Alternatives to the snooping laser which could be considered are the "fabled" X-ray glasses of as advertised in comic books of old (actually there are some light sensors which detect IR which can go through black clothing, making them appear like sheer white/clear clothing.  Sony's camera's have a filter to avoid such snooping through blouses and skirts...etc).

Parabolic microphones.

Telescopic lenses.



Sanction: 6, No Sanction: 0
Sanction: 6, No Sanction: 0
Post 6

Wednesday, September 2, 2015 - 10:57pmSanction this postReply
Bookmark
Link
Edit

Colin,

 

I assume you are asking about moral rights as opposed to legal rights (including constitutional rights).  Legal/Constitutional rights are 'created' and may or may not be consistent with man's individual rights.

 

Ayn Rand has pointed out that moral rights only pertain to actions.  I might own my car outright and have good title to it, but my moral rights will only pertain to the actions that I can take with the car (drive it, sell it, rent it, etc.).  She also pointed out that all of man's individual moral rights derive from his right to his life.  That is, from property rights.

 

From her perspective, there would be no moral rights that are not property rights. 

---------------------------

 

Here is a quote from Ayn Rand's "Man's Rights" in Virtue of Selfishness:

 

"A 'right' is a moral principle defining and sanctioning a man’s freedom of action in a social context. There is only one fundamental right (all the others are its consequences or corollaries): a man’s right to his own life. Life is a process of self-sustaining and self-generated action; the right to life means the right to engage in self-sustaining and self-generated action—which means: the freedom to take all the actions required by the nature of a rational being for the support, the furtherance, the fulfillment and the enjoyment of his own life. (Such is the meaning of the right to life, liberty and the pursuit of happiness.)

 

"The concept of a 'right' pertains only to action—specifically, to freedom of action. It means freedom from physical compulsion, coercion or interference by other men.

 

"Thus, for every individual, a right is the moral sanction of a positive—of his freedom to act on his own judgment, for his own goals, by his own voluntary, uncoerced choice. As to his neighbors, his rights impose no obligations on them except of a negative kind: to abstain from violating his rights.

 

"The right to life is the source of all rights—and the right to property is their only implementation. Without property rights, no other rights are possible. Since man has to sustain his life by his own effort, the man who has no right to the product of his effort has no means to sustain his life. The man who produces while others dispose of his product, is a slave.

 

"Bear in mind that the right to property is a right to action, like all the others: it is not the right to an object, but to the action and the consequences of producing or earning that object. It is not a guarantee that a man will earn any property, but only a guarantee that he will own it if he earns it. It is the right to gain, to keep, to use and to dispose of material values."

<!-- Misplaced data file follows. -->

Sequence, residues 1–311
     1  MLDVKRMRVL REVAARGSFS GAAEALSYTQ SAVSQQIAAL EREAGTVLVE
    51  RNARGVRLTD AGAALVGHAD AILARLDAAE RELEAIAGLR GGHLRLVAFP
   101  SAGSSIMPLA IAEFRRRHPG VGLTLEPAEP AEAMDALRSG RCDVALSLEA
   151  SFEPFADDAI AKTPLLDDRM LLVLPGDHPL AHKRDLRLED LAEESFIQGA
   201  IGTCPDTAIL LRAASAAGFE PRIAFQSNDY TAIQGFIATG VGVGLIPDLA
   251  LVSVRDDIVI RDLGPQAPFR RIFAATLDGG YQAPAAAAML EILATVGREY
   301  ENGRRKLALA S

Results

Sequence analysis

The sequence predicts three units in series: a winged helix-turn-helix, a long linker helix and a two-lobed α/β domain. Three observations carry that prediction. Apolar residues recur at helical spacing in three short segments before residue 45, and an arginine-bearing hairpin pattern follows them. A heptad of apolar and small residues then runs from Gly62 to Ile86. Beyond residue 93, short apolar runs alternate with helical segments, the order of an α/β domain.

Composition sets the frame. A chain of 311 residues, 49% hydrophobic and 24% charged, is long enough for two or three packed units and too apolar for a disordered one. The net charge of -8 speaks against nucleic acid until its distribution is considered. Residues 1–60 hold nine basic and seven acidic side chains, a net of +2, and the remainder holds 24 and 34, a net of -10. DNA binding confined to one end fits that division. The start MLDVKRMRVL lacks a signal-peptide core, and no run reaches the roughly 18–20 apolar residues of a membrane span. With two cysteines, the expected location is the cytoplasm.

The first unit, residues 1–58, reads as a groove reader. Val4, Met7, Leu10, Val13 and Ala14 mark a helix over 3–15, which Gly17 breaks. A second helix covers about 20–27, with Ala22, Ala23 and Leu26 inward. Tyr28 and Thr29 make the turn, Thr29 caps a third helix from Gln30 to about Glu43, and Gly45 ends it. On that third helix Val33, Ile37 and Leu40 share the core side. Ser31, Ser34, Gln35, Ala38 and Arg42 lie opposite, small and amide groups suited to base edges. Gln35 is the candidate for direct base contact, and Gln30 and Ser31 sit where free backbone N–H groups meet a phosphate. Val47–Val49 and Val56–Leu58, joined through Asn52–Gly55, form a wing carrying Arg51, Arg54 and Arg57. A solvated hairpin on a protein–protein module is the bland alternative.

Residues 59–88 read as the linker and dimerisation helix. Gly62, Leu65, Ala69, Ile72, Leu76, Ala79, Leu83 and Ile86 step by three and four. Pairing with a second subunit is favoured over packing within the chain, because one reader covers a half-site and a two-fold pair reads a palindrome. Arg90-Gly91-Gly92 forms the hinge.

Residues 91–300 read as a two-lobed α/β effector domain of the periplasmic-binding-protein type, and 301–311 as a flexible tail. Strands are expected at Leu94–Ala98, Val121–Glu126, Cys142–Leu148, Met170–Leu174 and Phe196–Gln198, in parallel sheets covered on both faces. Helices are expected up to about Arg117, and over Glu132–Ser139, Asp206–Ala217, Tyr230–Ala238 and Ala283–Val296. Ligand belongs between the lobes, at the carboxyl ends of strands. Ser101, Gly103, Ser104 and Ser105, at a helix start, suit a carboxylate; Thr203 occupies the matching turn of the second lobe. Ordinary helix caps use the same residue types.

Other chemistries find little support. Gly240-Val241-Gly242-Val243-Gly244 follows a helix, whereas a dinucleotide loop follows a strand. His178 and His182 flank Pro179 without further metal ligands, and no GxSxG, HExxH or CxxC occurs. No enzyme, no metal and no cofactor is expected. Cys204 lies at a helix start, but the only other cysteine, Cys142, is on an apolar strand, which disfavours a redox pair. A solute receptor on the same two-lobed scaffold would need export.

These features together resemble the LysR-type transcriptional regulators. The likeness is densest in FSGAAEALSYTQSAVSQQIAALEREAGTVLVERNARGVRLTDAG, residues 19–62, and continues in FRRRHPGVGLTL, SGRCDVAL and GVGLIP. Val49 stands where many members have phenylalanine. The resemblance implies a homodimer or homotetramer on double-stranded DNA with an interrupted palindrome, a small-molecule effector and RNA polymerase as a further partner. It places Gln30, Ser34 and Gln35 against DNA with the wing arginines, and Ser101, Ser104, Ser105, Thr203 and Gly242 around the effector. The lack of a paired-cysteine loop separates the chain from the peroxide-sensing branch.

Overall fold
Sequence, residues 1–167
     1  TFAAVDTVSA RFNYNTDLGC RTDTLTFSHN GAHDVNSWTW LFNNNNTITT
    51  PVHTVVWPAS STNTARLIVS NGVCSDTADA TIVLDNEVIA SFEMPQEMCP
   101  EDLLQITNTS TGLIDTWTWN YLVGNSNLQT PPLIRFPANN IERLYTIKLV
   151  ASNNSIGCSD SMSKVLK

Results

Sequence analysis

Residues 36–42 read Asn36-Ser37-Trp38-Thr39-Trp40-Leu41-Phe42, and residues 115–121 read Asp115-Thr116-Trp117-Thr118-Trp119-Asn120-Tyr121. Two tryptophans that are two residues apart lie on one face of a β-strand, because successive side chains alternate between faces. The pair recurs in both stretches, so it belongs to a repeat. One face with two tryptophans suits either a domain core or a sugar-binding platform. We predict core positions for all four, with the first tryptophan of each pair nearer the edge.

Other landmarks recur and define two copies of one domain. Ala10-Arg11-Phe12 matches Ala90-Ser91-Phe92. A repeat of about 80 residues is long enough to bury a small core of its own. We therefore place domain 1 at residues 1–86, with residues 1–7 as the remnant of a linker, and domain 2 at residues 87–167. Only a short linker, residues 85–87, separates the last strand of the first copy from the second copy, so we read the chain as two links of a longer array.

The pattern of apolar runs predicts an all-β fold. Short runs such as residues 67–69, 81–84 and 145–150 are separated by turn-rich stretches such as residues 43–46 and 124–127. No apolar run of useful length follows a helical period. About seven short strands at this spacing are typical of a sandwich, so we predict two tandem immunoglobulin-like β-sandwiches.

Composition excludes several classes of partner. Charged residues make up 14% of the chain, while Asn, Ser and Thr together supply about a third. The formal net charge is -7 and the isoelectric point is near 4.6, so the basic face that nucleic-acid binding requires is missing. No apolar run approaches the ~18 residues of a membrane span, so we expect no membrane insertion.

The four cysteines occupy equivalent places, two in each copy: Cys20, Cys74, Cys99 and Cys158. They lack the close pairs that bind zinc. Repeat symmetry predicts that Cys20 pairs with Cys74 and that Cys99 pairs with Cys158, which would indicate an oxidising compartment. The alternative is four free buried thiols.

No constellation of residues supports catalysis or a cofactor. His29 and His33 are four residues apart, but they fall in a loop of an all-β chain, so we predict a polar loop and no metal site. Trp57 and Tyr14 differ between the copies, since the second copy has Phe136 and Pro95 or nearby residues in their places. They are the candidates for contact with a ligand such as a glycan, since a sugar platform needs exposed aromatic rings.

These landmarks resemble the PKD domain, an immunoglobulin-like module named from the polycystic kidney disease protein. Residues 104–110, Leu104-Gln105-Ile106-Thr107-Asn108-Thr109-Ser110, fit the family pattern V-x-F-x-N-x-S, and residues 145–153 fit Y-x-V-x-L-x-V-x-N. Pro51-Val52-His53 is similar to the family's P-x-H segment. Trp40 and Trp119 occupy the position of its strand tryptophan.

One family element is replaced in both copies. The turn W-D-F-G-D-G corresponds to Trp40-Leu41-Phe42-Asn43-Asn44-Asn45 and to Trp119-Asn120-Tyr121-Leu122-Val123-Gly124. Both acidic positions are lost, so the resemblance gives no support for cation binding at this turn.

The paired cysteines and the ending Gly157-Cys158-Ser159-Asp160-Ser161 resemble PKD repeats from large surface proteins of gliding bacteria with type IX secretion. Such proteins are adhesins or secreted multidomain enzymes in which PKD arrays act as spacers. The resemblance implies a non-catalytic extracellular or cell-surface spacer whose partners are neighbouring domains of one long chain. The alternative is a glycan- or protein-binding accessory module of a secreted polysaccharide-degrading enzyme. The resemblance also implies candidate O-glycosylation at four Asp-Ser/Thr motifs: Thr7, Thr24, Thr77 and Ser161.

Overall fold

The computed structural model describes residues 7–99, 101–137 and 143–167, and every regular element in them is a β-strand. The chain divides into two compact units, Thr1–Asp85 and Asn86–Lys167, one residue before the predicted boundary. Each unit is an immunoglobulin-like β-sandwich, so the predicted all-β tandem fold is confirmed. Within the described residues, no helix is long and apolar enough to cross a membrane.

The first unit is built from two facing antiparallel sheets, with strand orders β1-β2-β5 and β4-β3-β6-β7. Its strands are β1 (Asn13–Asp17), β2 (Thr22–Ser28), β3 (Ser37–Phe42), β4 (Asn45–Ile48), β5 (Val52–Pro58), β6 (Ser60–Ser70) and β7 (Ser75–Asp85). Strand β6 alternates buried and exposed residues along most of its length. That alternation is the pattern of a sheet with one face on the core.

Post 7

Wednesday, September 2, 2015 - 11:25pmSanction this postReply
Bookmark
Link
Edit

Colin,

 

As to your example of some sort of x-ray glasses that would let the wearer see through another person's clothing, I'm not certain of any individual right that would prevent the wearer from violating another's privacy when they are both in a public place. 

 

I know that a person has the moral right to keep parts of his or her body covered and no one has the right to pull off those clothes or force them to disrobe, but that moral right derives from property rights to ones clothes and to ones body and that doesn't seem to deal with the x-ray glasses.

 

I could maintain that I have property rights to any images or viewings of my body - not counting any images or views I give away in a public place, like walking about with my face uncovered might give away that image.  Or, is it?  Does someone have a moral right to take my photo just because I'm in a public place? And do they have a moral right to use that image in some ad?  There may be laws against that, but are they based upon an identifiable moral right?

 

Remember that "public property" is PROPERTY.  Property has owners, and the manager of a piece of property can have authorization to set rules that are consistent with the service of the owners interests (public interest).   From that basis it might not be a violation of individual rights to prohibit the use of x-ray glasses on public property. 

 

The argument against that prohibition of wearing the glasses would be that an individual has the right to wear such glasses since they don't violate anybody's individual rights (no initiation of force, threat to initiate force, theft or fraud).

 

I don't think you will ever get away from property rights in an attempt to find a right in privacy, and it would make more sense to find the property right, if one exists, that supports privacy.  What is it that a person owns that prohibits others from looking at them with x-ray glasses?  Is the use of these glasses without the permission of the person being viewed a from of theft of the image of the person's body that they have not released into the public domain?